How to promote your music online

How to promote your music online

Creation and release music has never been easier, but promoting your work has never been more confusing. Should you be focusing on TikTok or touring? And when you don’t have many followers, is online promotion even worth your time?

To crack the code, we spoke to indie musicians, marketers, tastemakers and even a professor. While there’s no guaranteed formula for success, we’ve found plenty of tips and tricks for all types of musicians. Let’s dive in.

Tune into playlists

Streaming is by far the most popular way people consume music today, and getting on the right playlists can make your music career. While anyone can create a playlist on Spotify or Apple Music, only a small percentage have a large following. If you don’t have your own popular playlists, how can you get on the big ones?

Services like SubmitHub and Playlist Push let you submit to playlist creators, music blogs, and social media influencers. SubmitHub has free and paid submission options, but Playlist Push is paid only. Playlists like IndieMono and Alexrainbirdmusic have free submissions in a variety of genres. While Spotify doesn’t allow playlist owners to charge for inclusion, it appears to allow (or at least tolerate) submission fees.

Do these strategies work? Yes, but artists should prepare “to go through a lot of rejection,” says Jonathan Teeter, frontman for the Charlottesville, Va.-based indie band Films on Song. One addition from the BIRP.FM playlist led to over 10,000 streams for his band’s single “Ritual Day”. “Having to pay $1-$3 to submit through SubmitHub isn’t ideal, but finding out which blogs and influencers like what can help.

Rejection is part of the game and it’s important to keep your chin up. “Music is art. Art is hard,” says KCRV radio DJ Jason Kramer, who was one of the early tastemakers to discover Billie Eilish and Finneas. “Artists should just be themselves.” Play something they need to play,” he continues, “Take risks, don’t be afraid.”

Create your own playlists

You don’t have to rely on someone else’s playlist to listen to. On both Spotify and Apple Music, if a playlist is public, anyone can find and follow it. The exact algorithms aren’t public, but playlists with names based on iconic lyrics, new albums, places or feelings (“New York Autumn Vibes,” for example) seem to occasionally perform well on Spotify even for users who don’t follow them. Seemingly without trying, some users have created playlists that attract thousands of listeners. Artists can upload their favorite playlists to their artist profile, gaining new followers and showcasing their favorite songs. Apple Music doesn’t display the number of followers on a playlist, making it difficult to gauge which strategies are working there.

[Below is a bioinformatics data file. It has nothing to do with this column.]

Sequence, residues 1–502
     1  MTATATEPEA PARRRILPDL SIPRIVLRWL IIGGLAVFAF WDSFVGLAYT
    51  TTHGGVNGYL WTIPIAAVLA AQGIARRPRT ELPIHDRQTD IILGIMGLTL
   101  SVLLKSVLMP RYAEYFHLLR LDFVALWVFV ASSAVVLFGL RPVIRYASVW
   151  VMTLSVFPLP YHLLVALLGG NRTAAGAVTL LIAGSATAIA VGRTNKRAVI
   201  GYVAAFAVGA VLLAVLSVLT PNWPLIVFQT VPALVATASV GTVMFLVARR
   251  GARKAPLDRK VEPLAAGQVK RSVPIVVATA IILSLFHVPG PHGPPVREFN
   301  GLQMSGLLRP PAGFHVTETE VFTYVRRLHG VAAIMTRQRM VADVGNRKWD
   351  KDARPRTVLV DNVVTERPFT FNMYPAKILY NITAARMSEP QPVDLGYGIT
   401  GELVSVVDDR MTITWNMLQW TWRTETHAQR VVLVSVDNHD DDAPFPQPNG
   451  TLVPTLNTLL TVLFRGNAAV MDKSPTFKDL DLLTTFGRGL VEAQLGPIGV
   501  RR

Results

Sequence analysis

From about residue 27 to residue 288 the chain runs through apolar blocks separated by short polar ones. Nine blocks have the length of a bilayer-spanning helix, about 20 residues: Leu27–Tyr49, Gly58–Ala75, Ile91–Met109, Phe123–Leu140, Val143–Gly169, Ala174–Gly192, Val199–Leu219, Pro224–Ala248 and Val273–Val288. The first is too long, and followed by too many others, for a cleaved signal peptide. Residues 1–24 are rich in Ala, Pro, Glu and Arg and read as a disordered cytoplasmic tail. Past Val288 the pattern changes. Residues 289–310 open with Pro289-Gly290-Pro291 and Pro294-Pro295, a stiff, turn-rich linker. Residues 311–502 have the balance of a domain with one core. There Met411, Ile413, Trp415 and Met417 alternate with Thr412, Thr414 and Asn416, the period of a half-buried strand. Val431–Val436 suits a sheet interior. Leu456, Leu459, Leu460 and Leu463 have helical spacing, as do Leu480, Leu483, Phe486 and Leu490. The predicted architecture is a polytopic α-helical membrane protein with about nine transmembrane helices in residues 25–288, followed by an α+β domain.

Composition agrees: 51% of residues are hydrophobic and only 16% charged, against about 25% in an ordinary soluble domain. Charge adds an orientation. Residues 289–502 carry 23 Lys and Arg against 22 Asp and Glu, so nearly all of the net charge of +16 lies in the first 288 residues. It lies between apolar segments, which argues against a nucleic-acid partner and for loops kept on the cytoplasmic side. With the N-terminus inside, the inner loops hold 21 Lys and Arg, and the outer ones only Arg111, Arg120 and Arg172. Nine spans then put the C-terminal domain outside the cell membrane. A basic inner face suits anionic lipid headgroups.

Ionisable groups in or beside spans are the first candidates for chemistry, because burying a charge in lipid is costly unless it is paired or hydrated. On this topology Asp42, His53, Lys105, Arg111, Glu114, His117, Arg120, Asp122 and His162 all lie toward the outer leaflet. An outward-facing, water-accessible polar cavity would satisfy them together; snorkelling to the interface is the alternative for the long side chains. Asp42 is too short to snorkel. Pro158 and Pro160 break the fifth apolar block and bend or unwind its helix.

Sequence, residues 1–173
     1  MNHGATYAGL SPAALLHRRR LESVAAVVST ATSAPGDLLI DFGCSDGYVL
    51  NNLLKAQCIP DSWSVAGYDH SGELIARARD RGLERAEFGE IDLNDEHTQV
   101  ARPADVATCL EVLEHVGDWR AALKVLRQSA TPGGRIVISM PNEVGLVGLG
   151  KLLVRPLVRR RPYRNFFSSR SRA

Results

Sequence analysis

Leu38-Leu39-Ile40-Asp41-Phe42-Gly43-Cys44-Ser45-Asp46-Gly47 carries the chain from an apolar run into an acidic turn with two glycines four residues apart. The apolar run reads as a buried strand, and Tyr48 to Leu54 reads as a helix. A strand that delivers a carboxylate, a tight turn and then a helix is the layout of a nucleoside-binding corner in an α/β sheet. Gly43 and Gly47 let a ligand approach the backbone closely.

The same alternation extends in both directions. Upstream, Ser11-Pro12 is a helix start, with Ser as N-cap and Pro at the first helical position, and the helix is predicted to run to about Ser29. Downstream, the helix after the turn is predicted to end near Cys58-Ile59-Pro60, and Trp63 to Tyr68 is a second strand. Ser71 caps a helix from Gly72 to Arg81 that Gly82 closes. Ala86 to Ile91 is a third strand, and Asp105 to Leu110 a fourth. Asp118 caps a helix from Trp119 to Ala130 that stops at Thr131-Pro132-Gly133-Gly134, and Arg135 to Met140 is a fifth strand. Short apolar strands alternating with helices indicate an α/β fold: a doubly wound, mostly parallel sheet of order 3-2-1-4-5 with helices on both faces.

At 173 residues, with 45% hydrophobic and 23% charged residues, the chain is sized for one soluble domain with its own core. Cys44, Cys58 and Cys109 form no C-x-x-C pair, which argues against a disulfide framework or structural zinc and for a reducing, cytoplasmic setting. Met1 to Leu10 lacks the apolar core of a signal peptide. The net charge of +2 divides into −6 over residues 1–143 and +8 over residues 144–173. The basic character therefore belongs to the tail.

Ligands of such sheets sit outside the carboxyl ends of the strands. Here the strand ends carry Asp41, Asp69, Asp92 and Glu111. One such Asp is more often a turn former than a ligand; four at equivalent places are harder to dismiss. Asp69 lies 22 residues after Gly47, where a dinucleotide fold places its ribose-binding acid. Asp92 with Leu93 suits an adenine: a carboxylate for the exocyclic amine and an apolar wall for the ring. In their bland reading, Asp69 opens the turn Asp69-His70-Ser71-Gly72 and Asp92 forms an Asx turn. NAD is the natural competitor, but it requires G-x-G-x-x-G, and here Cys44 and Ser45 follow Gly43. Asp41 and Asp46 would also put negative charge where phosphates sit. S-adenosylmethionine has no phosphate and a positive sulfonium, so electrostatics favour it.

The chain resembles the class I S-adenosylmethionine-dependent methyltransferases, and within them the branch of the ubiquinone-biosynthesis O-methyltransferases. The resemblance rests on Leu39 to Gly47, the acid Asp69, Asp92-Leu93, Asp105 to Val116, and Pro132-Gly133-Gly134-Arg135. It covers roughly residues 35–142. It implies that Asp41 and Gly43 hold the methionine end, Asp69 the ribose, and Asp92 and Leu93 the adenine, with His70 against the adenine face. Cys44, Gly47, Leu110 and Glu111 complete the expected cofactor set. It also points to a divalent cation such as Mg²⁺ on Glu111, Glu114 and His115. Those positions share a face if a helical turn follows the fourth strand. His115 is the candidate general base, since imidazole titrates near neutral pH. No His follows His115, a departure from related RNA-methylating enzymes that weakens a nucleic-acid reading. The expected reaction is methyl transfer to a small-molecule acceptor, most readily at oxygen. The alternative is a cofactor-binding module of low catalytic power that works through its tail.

What playlists are you on? The Apple Music for Artists and Spotify for Artists apps will give you play counts, information about playlists you’ve been added to, and other useful information.

Use resources from streaming services

Apple Music for Artists has a page with tips and tools for promoting your work. You can even create your own QR code that links to your song or album. Spotify has a similar resource called Code Builder, and they even explain how you can submit songs for inclusion in a playlist. SoundCloud also has a page with tips to help creators monetize and promote their music. QR codes that link to streaming or social networks are great for placing on stickers, posters or other promotional materials.

Collaborate on tracks and covers

Features and collaborative songs may be most common in hip hop, but they can be a great way to expand your audience regardless of the genre. For example, indie rock band Surfer Blood released an EP titled Hard boiled, on which other artists covered their songs. The songs appeared on Surfer Blood’s page alongside the cover artists’ pages, maximizing exposure for everyone.

Covering a well-known song can be another good way to gain new listeners. This article is not legal advice, but remember, if you cover a song, you will have to pay royalties to whoever wrote the song. Luckily, services like DistroKid can handle that for you.

Nurture your image

Social media has become so essential to promoting music that even artists who died decades ago have an active presence on Instagram. While it’s a powerful tool for artists, music influencer Ari Elkins warns artists not to neglect their music. “Gaining thousands of followers on TikTok is exciting, but it’s crucial that those followers are there for your music, not just unrelated viral videos that have nothing to do with you as an artist.”

While social media can lead to success, the game is always changing. Cehril, an indie pop artist based in Hong Kong, started by uploading her own songs to SoundCloud and now has a record deal and over 100,000 monthly listeners on Spotify. But she cautioned that what worked before may not work now. “If I were starting from scratch today, I wouldn’t start on SoundCloud. I would just distribute it on all the streaming platforms and promote it mainly on Instagram.”

When on TikTok or Instagram, what strategies should you use? “It’s more than likes,” says Cass Robinson, a social media strategist in Sydney, Australia, who notes that social media algorithms look at various factors such as “time spent on your content, engagement rate and number of shares and saves.” ” If you’re not sure what to do, Kass recommends just getting started. “Give yourself a head start and work to improve your content over time.”

Leave a Comment

Your email address will not be published.